An ECC engine typically acts as a DMA master, moving, correcting data and calculating syndromes on the fly between the controller FIFO’s and the user buffer. The engine correction is characterized by two inputs: the size of the data chunks on which the correction applies and the strength of the correction. Old SLC (Single Level Cell) NAND chips typically require a strength of 1 symbol over 4096 (1 bit/512 bytes) while new ones may require much more: 8, 16 or even 24 symbols.

In the write path, the ECC engine reads a user buffer and computes a code for each chunk of data. NAND pages being longer than officially advertised, there is a persistent Out-Of-Band (OOB) area which may be used to store these codes. When reading data, the ECC engine gets fed by the data coming from the NAND bus, including the OOB area. Chunk by chunk, the engine will do some math and correct the data if needed, and then report the number of corrected symbols. If the number of error is higher than the chosen strength, the engine is not capable of any correction and returns an error.

The Arasan ECC engine

As explained in our introduction, as part of our work on upstreaming the Arasan NAND controller driver, we discovered that this NAND controller IP has a specific behavior in terms of how it reports ECC results: the hardware ECC engine never reports errors. It means the data may be corrected or uncorrectable: the engine behaves the same. From a software point of view, this is a critical flaw and fully relying on such hardware was not an option.

To overcome this limitation, we investigated different solutions, which we detail in the sections below.

Suppose there will never be any uncorrectable error

Let’s be honest, this hypothesis is highly unreliable. Besides that anyway, it would imply that we do not differentiate between written/erased pages and users would receive unclean buffers (with bitflips), which would not work with upper layers such as UBI/UBIFS which expect clean data.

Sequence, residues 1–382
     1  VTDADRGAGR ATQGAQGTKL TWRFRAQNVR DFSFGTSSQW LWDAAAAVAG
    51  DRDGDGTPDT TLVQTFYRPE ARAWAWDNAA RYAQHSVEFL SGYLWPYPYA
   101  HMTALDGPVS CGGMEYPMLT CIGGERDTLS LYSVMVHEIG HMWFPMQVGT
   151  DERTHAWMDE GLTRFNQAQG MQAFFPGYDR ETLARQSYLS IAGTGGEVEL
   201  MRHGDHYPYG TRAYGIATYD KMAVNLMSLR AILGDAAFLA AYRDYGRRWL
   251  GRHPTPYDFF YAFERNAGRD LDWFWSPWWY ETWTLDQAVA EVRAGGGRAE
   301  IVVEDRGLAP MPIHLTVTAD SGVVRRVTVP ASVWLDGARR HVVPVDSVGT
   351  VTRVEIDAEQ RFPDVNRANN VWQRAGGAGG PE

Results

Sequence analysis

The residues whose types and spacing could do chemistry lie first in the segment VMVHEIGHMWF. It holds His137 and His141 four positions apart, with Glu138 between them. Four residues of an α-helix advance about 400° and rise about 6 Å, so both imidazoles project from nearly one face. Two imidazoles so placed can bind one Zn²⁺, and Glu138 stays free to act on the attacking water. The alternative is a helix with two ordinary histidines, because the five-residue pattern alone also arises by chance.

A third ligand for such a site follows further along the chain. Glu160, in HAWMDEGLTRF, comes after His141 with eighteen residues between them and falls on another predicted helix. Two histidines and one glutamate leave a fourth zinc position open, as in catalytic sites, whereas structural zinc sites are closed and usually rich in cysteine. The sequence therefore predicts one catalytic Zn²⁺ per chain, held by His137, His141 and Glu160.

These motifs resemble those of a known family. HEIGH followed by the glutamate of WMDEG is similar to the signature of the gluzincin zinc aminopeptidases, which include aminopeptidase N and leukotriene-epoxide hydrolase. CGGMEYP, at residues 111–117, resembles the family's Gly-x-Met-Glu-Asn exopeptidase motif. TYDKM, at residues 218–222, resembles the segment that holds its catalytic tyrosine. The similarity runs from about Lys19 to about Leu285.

Keep an history of bitflips of every page

This way, during a read, it would be possible to compare the evolution of the number of bitflips. If it suddenly drops significantly, the engine is lying and we are facing an error. Unfortunately it is not a reliable solution either because we should either trigger a write operation every time a read happens (slowing down a lot the I/Os and wearing out very quickly the storage device) or loose the tracking after every power cycle which would make this solution very fragile.

Add a CRC16

This CRC16 could lay in the OOB area and help to manually verify the data integrity after the engine’s correction by checking it against the checksum. This could be acceptable, even if not perfect in term of collisions. However, it would not work with existing data while there are many downstreams users of the vendor driver already.

Use a bitwise XOR between raw and corrected data

By doing a bitwise XOR between raw and corrected datra, and compare with the number of bitflips reported by the engine, we could detect if the engine is lying on the number of corrected bitflips. This solution has actually been implemented and tested. It involves extra I/Os as the page must be read twice: first with correction and then again without correction. Hence, the NAND bus throughput becomes a limiting factor. In addition, when there are too many bitflips, the engine still tries to correct data and creates bitflips by itself. The result is that, with just a XOR, we cannot discriminate a working correction from a failure. The following figure shows the issue.

Show the engine issue when it creates bitflips when trying to correct uncorrectable data

Rely on the hardware only in the write path

Using the hardware engine in the write path is fine (and possibly the quickest solution). Instead of trying to workaround the flaws of the read path, we can do the math by software to derive the syndrome in the read path and compare it with the one in the OOB section. If it does not match, it means we are facing an uncorrectable error. This is finally the solution that we have chosen. Of course, if we want to compare software and hardware calculated ECC bytes, we must find a way to reproduce the hardware calculations, and this is what we are going to explore in the next sections.

Reversing a hardware BCH ECC engine

There is already a BCH library in the Linux kernel on which we could rely on to compute BCH codes. What needed to be identified though, were the BCH initial parameters. In particular:

  • The BCH primary polynomial, from which is derived the generator polynomial. The latter is then used for the computation of BCH codes.